self-watering pot

Turn any pot into a self-watering pot! Here’s the inexpensive way to do it…

Don’t buy a self-watering pot, make one!

It sounds like a gardener’s dream come true – a self watering container for your outdoor plants. You will see them for sale at the garden center, but that means brand new pots when you may already have good ones at home. You can convert an existing pot into a self-watering one for just a few dollars in supplies.

Self-described floral evangelist, Ashleigh Rose tells how.

Find more inspiration from Ashleigh on Instagram, @monalisafair.


Ashleigh Rose began working with flowers in the back of her grandmother’s flower shop on Main Street in Bountiful, Utah. Under her grandmother’s tutelage, she learned how to design flowers, forage for natural elements in the outdoors and care for cut flowers plus how to make anything beautiful. Ashleigh is a painter, sculptor, photographer, mother, best wife ever and last but not least — an evangelist of flowers! She wants to share her knowledge and help others appreciate the divine creations that are flowers. Find Ashley at @monalisafair on Instagram.


  • Hi! I am interested in making the self-watering planters that Ashleigh presented on Studio 5, and I have a few questions. I checked on her instagram page and she isn’t allowing DMs. The pots that I bought are pretty standard plastic pots from Lowes. On the inside bottom of the pot there is a slightly raised seam line. This would prevent the interior pvc pipe filled with first to lay flush to the bottom. I worry that the dirt in the PVC pipe would wash out. Would you ever seal the bottom of the pvc pipe containing dirt with more of the insulated foam board because of the drilled holes on the pipe allowing water to enter? Also was the insulted foam board used 1/2 inch thick? And were the sizes of the pvc pipe 4 inches and 1 inch in diameter? Thank you!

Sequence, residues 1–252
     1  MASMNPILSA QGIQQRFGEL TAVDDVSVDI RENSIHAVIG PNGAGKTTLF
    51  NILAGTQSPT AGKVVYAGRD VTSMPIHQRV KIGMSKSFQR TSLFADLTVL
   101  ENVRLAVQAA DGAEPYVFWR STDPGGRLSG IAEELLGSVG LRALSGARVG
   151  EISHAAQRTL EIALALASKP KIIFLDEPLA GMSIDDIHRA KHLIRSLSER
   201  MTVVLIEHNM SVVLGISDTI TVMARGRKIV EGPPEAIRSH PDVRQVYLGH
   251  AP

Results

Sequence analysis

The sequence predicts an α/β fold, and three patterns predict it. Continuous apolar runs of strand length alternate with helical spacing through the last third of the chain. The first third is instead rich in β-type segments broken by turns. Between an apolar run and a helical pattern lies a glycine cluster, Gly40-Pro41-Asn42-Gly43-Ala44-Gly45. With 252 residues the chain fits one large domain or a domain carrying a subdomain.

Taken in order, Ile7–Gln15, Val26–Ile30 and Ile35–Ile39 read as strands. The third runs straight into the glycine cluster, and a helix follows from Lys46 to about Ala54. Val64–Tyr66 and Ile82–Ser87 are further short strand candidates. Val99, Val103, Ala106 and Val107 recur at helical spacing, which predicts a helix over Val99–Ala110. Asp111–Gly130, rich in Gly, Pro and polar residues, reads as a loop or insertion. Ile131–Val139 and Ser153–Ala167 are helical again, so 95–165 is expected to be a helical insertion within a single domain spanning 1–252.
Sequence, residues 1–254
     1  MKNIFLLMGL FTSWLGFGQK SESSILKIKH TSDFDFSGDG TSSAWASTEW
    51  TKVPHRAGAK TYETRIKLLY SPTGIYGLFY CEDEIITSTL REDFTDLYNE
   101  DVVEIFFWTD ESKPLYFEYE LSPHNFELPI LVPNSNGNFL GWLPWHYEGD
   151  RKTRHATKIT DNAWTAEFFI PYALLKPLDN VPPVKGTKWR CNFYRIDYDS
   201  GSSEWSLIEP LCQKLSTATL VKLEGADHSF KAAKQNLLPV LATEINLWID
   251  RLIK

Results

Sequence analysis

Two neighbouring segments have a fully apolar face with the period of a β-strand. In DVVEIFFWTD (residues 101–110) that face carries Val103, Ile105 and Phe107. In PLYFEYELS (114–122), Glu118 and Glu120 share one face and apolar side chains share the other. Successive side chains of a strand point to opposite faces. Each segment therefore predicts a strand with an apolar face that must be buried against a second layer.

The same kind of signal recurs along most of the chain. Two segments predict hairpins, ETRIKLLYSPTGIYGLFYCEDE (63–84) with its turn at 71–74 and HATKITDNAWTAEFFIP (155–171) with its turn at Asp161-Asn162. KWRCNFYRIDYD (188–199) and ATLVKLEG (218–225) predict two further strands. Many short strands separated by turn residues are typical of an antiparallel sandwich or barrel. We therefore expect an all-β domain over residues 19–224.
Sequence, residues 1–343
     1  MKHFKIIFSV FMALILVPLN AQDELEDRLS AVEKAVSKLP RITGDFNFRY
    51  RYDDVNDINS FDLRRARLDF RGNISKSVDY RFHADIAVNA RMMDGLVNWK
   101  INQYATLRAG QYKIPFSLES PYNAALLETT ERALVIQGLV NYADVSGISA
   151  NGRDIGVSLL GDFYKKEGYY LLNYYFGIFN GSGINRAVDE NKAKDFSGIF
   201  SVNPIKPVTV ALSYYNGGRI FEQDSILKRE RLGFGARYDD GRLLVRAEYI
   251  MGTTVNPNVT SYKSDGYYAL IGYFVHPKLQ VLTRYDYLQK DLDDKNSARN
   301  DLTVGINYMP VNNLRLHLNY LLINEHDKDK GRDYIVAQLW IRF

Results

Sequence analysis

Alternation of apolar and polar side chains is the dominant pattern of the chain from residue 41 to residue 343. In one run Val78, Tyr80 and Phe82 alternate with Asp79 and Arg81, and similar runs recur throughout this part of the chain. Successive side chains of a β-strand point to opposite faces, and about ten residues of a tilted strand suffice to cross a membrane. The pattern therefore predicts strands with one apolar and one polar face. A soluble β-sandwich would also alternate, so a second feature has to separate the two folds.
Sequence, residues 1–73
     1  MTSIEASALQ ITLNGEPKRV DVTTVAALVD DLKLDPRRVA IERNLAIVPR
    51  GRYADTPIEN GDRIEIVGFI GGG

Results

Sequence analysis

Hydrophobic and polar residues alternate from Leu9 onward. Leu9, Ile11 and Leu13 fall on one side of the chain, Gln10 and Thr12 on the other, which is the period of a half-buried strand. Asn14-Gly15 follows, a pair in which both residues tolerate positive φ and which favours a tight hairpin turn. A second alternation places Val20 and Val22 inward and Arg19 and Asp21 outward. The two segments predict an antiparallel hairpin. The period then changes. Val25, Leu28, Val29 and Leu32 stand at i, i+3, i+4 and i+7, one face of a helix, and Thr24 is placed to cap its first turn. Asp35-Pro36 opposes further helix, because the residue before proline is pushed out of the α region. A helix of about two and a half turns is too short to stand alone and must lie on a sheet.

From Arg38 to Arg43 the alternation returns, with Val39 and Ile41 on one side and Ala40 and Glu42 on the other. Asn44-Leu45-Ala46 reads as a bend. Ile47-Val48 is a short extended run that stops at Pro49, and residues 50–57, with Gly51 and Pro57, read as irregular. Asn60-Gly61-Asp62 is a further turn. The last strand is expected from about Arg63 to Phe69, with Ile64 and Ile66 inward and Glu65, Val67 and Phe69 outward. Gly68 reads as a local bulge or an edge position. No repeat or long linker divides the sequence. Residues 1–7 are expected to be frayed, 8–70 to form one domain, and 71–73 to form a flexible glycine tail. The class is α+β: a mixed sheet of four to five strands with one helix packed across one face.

• Hi Kara, I’m glad you reached out in the comment section here! I will check my DM settings to be sure we can converse further on Instagram. I have never needed to seal the bottom of the dirt filled wicking tube, however if you feel the PVC tube will not be flush with the bottom of the pot you may close it with some of the foam board.
      Yes, the foam board used is the 1/2 inch thick.
      And you are correct that in the Studio5 segment the large wicking tube was 4″ and the fill pipe was 1″. You can use two wicking tubes and make them 2″ each if you cannot find 4″ pipe, it will work exactly the same. Please be sure to comment with your Instagram handle so I can find you and be sure to answer any more questions! Thanks!